Libertarianism in Other Languages

January/​February 2006 • Policy Report

In much of the non‐​English‐​speaking world, access to the basic documents of libertarian thought and new libertarian ideas was, until recently, quite limited. Many people had never had the opportunity to read the classic works of freedom.

The Cato Institute has now launched three foreign‐​language websites—in Arabic, Spanish, and Russian—to help bring the ideas of liberty to people everywhere.

Cato’s Spanish‐​language website, www​.elca​to​.org, was launched in 1998. ElCa​to​.org features Spanish translations of Cato studies and reports, along with special features by Latin American contributors on issues of relevance to Spanish speakers around the world. The site is popular with journalists, academics, and lay readers in Latin America and Europe, garnering more than 65,000 hits each month. ElCa​to​.org was cited more than 500 times in Spanish‐​language media in 2005.

Cato is also bringing the “lamp of liberty” to the Arabic‐​speaking world with www​.mis​ba​hal​hur​riya​.org (www. lam​poflib​er​ty​.org). Launched in October 2005 as an initiative of Cato’s Byrne Project on Middle East Liberty, the website has made the works of Adam Smith, Frederic Bastiat, John Stuart Mill, E A. Hayek, and many others available in Arabic for the first time. Contributors to the site include Shafeeq Gabra, president of American University in Kuwait, whose column tackles issues such as economic liberty and political reform in the Middle East. The site contains Arabic translations of important essays, policy papers, and studies. In addition, Cato’s Arabic team is translating such economics textbooks as Common Sense Economics by Cato scholars James Gwartney, Richard L. Stroup, and Dwight Lee and The Economic Way of Thinking by Paul Heyne.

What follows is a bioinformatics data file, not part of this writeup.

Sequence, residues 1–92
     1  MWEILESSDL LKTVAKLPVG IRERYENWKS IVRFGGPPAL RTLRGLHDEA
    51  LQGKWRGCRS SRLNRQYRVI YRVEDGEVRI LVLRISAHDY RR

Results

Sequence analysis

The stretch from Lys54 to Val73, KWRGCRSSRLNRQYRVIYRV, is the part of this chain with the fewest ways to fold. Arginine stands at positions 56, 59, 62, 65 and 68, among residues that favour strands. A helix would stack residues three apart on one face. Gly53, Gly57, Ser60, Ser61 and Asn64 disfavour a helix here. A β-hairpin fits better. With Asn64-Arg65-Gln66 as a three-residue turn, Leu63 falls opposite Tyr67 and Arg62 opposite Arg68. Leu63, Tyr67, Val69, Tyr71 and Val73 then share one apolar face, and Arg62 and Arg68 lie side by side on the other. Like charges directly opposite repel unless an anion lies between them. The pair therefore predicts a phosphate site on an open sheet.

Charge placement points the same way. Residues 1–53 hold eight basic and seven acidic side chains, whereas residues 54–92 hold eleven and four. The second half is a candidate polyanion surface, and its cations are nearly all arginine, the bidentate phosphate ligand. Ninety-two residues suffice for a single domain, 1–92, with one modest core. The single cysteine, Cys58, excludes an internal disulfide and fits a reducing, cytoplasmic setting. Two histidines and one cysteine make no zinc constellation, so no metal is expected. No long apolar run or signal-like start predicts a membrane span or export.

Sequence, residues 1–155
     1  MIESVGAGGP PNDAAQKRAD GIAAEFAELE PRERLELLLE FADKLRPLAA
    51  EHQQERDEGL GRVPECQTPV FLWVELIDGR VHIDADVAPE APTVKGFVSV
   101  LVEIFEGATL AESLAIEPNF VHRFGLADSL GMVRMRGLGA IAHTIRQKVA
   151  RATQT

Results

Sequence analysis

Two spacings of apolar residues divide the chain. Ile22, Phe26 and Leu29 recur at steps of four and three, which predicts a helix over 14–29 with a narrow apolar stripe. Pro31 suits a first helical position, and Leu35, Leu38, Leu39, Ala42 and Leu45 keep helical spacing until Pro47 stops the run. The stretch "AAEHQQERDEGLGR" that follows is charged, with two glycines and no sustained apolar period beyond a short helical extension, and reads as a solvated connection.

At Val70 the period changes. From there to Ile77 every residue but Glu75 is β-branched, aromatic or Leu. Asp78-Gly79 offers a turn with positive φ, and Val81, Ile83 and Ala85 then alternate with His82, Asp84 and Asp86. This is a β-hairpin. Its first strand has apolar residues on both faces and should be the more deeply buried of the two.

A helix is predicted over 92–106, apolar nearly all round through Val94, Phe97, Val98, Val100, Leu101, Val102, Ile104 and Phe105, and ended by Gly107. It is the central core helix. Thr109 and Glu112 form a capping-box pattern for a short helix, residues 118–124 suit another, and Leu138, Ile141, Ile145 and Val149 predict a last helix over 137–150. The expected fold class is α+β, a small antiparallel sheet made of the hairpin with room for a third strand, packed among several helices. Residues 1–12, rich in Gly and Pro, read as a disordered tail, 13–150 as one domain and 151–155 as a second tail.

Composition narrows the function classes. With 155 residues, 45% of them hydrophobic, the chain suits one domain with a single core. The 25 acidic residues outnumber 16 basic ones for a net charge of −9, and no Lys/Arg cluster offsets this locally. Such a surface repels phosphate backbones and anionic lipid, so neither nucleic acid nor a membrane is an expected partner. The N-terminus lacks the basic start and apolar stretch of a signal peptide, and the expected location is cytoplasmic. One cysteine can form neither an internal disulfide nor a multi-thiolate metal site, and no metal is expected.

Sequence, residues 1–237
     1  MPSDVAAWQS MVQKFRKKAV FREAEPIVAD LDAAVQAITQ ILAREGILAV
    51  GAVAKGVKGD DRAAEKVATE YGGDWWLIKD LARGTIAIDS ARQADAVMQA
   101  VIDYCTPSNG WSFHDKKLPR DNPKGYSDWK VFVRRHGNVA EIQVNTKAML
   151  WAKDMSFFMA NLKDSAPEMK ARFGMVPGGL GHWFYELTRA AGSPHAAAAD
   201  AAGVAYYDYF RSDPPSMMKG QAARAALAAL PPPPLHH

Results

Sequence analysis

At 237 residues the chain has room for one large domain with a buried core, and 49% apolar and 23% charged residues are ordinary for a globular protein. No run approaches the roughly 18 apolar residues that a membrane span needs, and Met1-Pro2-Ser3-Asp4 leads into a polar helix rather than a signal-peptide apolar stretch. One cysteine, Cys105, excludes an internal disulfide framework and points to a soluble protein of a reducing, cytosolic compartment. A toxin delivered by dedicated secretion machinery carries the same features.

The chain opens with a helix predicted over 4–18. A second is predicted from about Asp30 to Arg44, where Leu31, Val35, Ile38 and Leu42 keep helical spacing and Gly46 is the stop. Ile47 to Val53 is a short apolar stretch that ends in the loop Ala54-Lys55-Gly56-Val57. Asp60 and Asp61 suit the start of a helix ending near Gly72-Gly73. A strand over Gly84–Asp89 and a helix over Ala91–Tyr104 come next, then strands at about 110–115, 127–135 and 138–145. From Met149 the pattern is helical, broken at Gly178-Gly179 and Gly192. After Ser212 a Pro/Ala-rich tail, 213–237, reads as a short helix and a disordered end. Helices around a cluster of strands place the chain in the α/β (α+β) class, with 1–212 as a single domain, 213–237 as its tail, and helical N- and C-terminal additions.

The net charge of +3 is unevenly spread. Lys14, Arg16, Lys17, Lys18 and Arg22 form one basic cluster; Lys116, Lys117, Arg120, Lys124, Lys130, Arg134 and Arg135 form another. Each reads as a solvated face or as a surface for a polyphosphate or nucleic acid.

At www​.cato​.ru, Russian‐​speaking friends of liberty can find in one location hundreds of full‐​text books, as well as essays, policy studies, interviews, and reports that explain and apply libertarian policies to the post‐​Soviet world. The site has cooperated on‐​line with popular Russian news sites, notably Polit​.ru, and has garnered coverage in the Russian media for such Cato products as the Economic Freedom of the World report. Cato​.ru has received more than 18,000 visitors since its launch in September 2005. The site was made possible by a startup grant from the Templeton Foundation, and ongoing funding is being sought.

According to Kimon Sargeant, vice president of the Templeton Foundation, “The Cato Institute’s much‐​needed website will serve an invaluable role encouraging a greater appreciation of the importance of the free enterprise system and the values that enable it to flourish in Russia.”

Spreading liberty throughout the world requires speaking to individuals in their own languages. By combining new technology, the greatest works of classical liberal thought, and targeted studies of issues of international interest, Cato hopes to enable millions or even billions more people around the globe to enjoy the benefits of freedom.